In what ways do video games affect children and teenagers?

Get Started. It's Free
or sign up with your email address
Rocket clouds
In what ways do video games affect children and teenagers? by Mind Map: In what ways do video games affect children and teenagers?

1. Children's Development

1.1. As far back as the early 1990s, scientists warned that because video games only stimulate brain regions that control vision and movement, other parts of the mind responsible for behavior, emotion, and learning could become underdeveloped.

1.2. Nine out of 10 children play video games. That's 64 million kids—and some of them hit the keyboard or smartphone before they can even string together a sentence.

1.3. Psychologists and neuroscientists conducting well-designed studies are beginning to shed light on the actual effects of video games. These studies show a clear trend: Games have many consequences in the brain, and most are not obvious—they happen at a level that overt behaviors do not immediately reflect. Because the effects are subtle, many people think video games are simply benign entertainment.

1.4. Games may be beneficial for doctors, too. A study involving 33 laparoscopic surgeons—doctors who conduct minimally invasive surgery by using a video camera to project the surgical target area onto a screen as they work—linked video game play to improved surgical skill, as measured in a standardized advanced-skill training program. In fact, the surgeons’ amount of game time was a better predictor of advanced surgical skill in the training drills than their number of years in practice or number of real-life surgeries performed.

1.5. According to a 2009 study published in Nature Neuroscience by Li and Bavelier, playing action video games can improve contrast sensitivity. Interestingly, no improvement was found from playing non-action video games. Contrast sensitivity is the fine discrimination between shades of gray and is important for such activities as driving at night, piloting or reading X-rays.

1.6. Playing violent video games releases dopamine in a brain region called the striatum.

2. Children's behavior

2.1. Dopamine, which makes a person feel good, may be responsible for video game addictions. The body is predisposed to craving instant gratification. A video game offers instant gratification through the release of dopamine. The more a teen plays, the better they feel. If coupled with other factors, this can turn into an addiction.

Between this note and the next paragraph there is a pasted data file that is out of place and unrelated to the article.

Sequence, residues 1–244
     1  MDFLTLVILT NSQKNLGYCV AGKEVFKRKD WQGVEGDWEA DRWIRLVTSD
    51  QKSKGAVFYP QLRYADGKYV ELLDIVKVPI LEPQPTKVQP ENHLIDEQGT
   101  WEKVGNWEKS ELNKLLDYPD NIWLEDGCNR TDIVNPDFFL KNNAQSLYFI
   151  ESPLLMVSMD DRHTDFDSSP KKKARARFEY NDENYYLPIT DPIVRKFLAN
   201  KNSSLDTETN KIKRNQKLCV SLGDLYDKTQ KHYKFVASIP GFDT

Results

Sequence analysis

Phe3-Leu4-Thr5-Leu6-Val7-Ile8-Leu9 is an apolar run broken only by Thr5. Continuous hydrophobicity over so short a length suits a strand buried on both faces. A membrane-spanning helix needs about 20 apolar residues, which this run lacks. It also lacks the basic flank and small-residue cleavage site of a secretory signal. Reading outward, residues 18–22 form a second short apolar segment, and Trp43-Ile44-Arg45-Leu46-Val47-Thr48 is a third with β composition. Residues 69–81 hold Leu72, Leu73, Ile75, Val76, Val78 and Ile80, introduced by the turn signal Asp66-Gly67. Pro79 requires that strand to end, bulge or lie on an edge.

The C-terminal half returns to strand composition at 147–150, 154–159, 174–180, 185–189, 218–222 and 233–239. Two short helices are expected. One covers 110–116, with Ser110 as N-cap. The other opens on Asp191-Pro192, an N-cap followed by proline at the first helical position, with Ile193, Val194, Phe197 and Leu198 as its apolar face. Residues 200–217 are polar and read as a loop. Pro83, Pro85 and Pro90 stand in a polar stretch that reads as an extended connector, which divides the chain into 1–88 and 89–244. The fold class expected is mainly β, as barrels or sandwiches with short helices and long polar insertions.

2.2. Games that offer an “open world” concept are particularly good for developing better problem solving skills, say gaming enthusiasts. Research has also found that video games can help with visual perception, and may also help kids develop task management skills, particularly multi-tasking.

2.3. eenagers who played aggressive games that had noble protagonists were not as likely to engage in risky behaviors, the latest study found.

2.4. One hour or less of video game play per day is associated with children and teenagers ages 10 to 15 being happier and more satisfied than those who do not play at all, a study published Monday in Pediatrics found. But the study also found that kids who played in excess of three hours daily were less satisfied with their lives and had more difficulties both socially and personally than non-gamers.

2.5. A new study suggests that children can learn aggressive ways of thinking and behaving from violent video games.

2.6. Gentile says the kids learn from the video games in a manner similar to learning in other areas, be it math or to play the piano.

2.7. A video game addiction can be harmful if your child is unable or unwilling to participate in any interests or extracurricular activities other than gaming.

2.8. A video game addiction can be harmful if your child is unable or unwilling to participate in any interests or extracurricular activities other than gaming.

3. information

3.1. The video game industry is a rapid-growing market that went from having a market volume of $100 million in 1985 to $4 billion in 1990 (Gartner, 2013).

3.2. America, 81% of youths play at least once a month, 8.5% of them are addicted and “the average 8- to 12 year-old now plays 13 hours of video games per week, while the average 13- to 18 year old plays 14 hours of video games per week.”

3.3. Today 97% of teens in the U.S. play video games, and sales of games are growing.

3.4. The domestic video game industry brings in nearly $12 billion a year.

3.5. international studies have shown that between seven and 11 per cent of gamers show some symptoms associated with addiction.

3.6. Young children have difficulty distinguishing reality from fantasy, which makes them more vulnerable to the effects of media violence. They may become more aggressive and fearful if they are exposed to high levels of violence in video games